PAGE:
Here, we need to make a decision. It's up to you whether you want to believe the human, or the artwork, in front of you or not. If you don't, you can read them in the worst possible way. Sometimes that's healthy, sometimes violently cynical.

You could say noise is always there, surrounding the signal. The receptor can, by all means, concentrate on the noise only and deem the message meaningless, or to excavate the signal out from the static and consider its intent. Again, the noise is at times more exciting than what is being communicated, so the choice is not so clear-cut.

In informal art discourse, née bar talk, née the talk that actually molds our attitudes much more than any seminar or book can ever do, we often look for problems in something we've just experienced together. The show was horrible, the talk was sub-par, the event was pointless, the commercial galleries in our home town are all crap. This is how many of us talk (kudos to you if you ever don't!), and this is how we connect. We congregate around faults.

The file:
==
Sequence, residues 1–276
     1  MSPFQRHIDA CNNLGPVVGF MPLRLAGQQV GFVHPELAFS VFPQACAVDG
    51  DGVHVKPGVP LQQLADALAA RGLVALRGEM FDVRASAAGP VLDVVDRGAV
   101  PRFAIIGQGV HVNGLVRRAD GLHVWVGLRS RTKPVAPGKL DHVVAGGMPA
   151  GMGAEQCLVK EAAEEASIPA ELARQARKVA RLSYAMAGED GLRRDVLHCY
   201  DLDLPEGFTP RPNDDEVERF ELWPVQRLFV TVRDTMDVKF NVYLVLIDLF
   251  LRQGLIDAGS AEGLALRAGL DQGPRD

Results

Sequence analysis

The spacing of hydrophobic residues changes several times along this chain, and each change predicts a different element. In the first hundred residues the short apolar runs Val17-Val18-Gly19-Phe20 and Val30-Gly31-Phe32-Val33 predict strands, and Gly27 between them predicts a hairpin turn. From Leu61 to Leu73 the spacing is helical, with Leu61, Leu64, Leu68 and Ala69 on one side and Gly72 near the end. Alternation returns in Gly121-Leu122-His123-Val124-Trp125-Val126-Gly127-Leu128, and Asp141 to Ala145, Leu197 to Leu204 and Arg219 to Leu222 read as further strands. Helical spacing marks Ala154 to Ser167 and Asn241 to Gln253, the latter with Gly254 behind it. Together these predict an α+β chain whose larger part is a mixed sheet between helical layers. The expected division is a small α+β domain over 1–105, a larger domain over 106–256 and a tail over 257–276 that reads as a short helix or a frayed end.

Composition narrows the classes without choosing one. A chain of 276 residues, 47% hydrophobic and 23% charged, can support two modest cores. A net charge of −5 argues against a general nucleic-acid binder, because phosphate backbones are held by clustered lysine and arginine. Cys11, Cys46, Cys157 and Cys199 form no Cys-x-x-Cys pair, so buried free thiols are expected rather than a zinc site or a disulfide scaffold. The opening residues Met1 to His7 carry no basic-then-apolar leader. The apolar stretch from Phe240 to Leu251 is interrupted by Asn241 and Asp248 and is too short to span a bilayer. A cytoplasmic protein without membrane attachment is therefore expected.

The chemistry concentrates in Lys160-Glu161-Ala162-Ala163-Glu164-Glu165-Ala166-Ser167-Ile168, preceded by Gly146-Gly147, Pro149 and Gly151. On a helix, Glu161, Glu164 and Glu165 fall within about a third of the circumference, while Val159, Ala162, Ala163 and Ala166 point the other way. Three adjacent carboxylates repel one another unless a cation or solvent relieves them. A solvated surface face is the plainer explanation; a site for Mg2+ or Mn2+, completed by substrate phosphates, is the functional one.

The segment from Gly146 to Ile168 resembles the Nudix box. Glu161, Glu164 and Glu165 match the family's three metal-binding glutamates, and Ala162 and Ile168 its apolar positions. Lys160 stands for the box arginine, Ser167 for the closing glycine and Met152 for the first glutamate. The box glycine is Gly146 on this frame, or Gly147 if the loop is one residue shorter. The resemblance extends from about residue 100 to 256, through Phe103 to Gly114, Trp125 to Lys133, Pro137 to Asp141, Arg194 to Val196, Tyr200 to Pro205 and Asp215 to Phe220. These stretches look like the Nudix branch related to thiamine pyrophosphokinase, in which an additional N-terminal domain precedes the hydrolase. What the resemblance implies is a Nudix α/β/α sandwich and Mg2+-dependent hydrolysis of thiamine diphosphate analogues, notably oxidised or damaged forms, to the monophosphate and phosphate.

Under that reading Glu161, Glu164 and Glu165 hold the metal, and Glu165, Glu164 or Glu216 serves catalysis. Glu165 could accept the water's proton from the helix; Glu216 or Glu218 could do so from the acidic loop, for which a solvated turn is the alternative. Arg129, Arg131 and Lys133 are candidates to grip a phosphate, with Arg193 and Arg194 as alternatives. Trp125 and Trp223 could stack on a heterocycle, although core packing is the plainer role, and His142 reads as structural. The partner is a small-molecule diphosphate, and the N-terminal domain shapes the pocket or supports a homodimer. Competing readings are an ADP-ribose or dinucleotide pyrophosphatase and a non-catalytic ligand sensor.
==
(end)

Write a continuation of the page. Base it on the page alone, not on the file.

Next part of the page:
What is it in the structure of our art worlds that make us retort to this conscious amplification of noise and diminishing of signal? I think it's a question worth pondering. Is it the precariousness? That we're all scared for our livelihood and/or legitimization, and so we want to drag other initiatives down to level the playing field?

5. Aftermath: writing?

These, I feel, are the two main trajectories at play in art today: The fundamental change in the very forms of how art is done, experienced and presented (for whom and by who), and secondly, the revolutionary expansion of agency, which will sooner or later change our understanding of authorship and creator-mediator-spectator dynamics.